A 51-year-old electrical engineer from Sultanpur, Uttar Pradesh, uses banana farming to give his earnings a boost.
Chandranath Pandey, a 51-year-old resident of Baldirai village of Sultanpur district, Uttar Pradesh, was hoping to find a “high-paying job in a big city” to fulfil his dream of living a better life. While he did not get a job in the city, he still managed to achieve his dream through farming.
After earning his diploma in electrical engineering from Government Polytechnic Faizabad in 1988, he worked as an electrical engineer in a government office in Sultanpur, where he earned Rs 4500 monthly. Unhappy with his job and unsure of the scope of his career, he began working as a contractor in his village. Simultaneously, he also began farming his own land.
“As a contractor, I could not increase my earnings by much. I wanted to earn more to give my children a better education and a better life for my family. I also wanted to do something unique with my farmland and not just grow crops that are necessary at home like rice, wheat and veggies. I wanted to make it a profitable business,” says Chandranath, who has dabbled in farming for almost three decades now.
By growing sugarcane, Chandranath was earning a profit of less than Rs 1 lakh, which wasn’t worth “the time taken” or his efforts. So, he strived to find something unique, more profitable and low-risk and eventually stopped growing sugarcane in 2018.
About five years ago, Chandranath heard of Ram Saran Verma, who won the Jagjivan Ram Kisan Puruskar award for cropping varieties of banana in his farmland in Barabanki. He also won about 20 awards at district, state and national levels. Inspired by his success, Chandranath went to meet Ram to learn how to grow bananas efficiently and earn a profit.
After noting down the tricks of the trade from Ram, Chandranath began harvesting bananas in a quarter-acre plot of farmland. By the 14th month, the fruit was ripe for the picking and Chandranath yielded a profit of nearly Rs 4 lakh for the first time. Since then, he has been dedicating a quarter acre of land to grow bananas.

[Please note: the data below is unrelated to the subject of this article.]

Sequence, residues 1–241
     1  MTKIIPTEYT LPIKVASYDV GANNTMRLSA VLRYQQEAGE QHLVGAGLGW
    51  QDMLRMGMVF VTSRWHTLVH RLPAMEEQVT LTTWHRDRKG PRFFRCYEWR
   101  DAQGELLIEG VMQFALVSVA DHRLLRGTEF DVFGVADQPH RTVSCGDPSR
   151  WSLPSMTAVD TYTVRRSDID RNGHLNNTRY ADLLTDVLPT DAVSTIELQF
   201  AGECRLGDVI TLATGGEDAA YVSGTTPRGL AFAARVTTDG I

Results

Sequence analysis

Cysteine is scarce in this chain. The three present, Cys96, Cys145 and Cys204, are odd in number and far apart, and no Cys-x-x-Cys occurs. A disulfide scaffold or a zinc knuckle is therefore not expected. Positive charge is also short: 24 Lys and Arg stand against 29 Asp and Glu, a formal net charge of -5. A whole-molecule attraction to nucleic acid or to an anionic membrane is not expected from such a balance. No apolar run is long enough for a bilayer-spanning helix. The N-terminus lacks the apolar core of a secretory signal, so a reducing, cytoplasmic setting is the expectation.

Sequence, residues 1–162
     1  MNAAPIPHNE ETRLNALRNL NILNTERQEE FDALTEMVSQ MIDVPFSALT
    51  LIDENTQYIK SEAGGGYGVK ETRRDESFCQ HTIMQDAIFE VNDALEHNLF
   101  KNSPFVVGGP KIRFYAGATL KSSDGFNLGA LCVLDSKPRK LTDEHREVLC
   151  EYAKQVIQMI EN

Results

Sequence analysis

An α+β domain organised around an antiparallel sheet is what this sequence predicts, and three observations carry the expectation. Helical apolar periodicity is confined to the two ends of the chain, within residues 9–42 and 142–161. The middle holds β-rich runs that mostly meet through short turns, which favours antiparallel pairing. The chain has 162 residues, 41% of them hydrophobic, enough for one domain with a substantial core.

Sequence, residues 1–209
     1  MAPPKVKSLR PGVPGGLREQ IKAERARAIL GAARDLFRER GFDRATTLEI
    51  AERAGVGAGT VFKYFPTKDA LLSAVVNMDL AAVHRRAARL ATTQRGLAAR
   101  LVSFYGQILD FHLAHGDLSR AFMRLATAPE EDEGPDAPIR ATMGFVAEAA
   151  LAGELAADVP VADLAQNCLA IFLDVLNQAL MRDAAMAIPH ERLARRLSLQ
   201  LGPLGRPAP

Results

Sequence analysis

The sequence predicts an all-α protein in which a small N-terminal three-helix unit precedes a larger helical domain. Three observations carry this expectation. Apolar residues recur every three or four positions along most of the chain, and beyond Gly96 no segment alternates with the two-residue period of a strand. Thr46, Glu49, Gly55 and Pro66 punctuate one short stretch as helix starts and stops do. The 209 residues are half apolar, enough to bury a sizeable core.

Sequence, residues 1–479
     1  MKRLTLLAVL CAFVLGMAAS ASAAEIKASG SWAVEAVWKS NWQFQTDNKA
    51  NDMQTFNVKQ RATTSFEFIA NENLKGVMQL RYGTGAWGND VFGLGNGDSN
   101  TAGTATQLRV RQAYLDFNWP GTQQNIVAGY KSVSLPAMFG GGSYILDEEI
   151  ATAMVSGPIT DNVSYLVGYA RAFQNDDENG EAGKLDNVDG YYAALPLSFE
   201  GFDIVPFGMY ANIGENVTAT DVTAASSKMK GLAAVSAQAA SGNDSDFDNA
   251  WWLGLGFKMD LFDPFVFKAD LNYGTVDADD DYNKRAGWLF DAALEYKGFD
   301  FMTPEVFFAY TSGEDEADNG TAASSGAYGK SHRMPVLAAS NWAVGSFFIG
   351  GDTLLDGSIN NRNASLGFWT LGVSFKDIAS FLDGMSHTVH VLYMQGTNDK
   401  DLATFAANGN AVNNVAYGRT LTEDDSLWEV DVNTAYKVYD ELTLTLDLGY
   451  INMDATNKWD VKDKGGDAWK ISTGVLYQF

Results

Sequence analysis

Tips and tricks on banana farming
Chandranath reveals that banana farming is low-risk as every season is suitable for the banana plants. He says that even heavy rain can’t affect the crop. “It also doesn’t demand much care as compared to sugarcane or any other crop,” he adds.
He further adds that farmers must be careful while buying compost fertilizer. He says that instead of believing medicine and fertilizer sellers blindly, farmers should consult experts before making such purchases.
He also suggests that farmers grow different crops in one place – a phenomenon called crop-rotation. For example, if a particular piece of land is used for growing bananas in one year, then it should be used for other crops in the following year. This technique helps to yield better crops.
Farming, a profitable venture
“From farming alone, I earn more than Rs 12 lakh a year. My day job earns me just Rs 11,000 a month,” says an assertive Chandranath, who adds that now he has farm labourers to help him with his harvest.
He adds, “Farming is a very profitable business. Those who have farmland but are facing a financial crunch should opt for a farmer’s loan and then work hard to become successful. It’s just a matter of striving to farm in more efficient ways.”
Chandranath also grows crops like tomatoes, tarui (sponge gourd) and other vegetables along with bananas. From his tomato produce, he earned nearly Rs 2 lakh as a profit. He also yields watermelon from a quarter-acre, which he reveals is ready to sell in just three months. “Growing watermelon is also profitable as it is harvested in three months and will earn you more than Rs 2 lakh in a quarter-acre farmland,” he shares.
“Although I wanted to fulfil my dream while securing a well-paying job in a big city, I am doing it in my homeland. Now I have everything that I have ever dreamed of,” says Chandranath, adding that he bought three acres of farmland through the profits he has been earning from farming for the past five years.
Chandranath has two sons — one is a software engineer and working with HCL (Hindustan Computers Limited), Pune, while the other is working as a junior engineer in a government department in Sultanpur district. “I am happy with both my sons, who are now financially independent. My dream of seeing my children happy in life is fulfilled,” he says.
After improving his earnings through farming, Chandranath now tries to help farmers with tips and tricks of optimising farming techniques. “I want Sultanpur district to be the hub for all the crops like bananas, cauliflowers, tomatoes, green peas and lauki (pumpkin). Farmers in Sultanpur should supply various vegetables and fruits to other parts of India,” he says.
(Article by Bilal Khan. Edited by Yoshita Rao)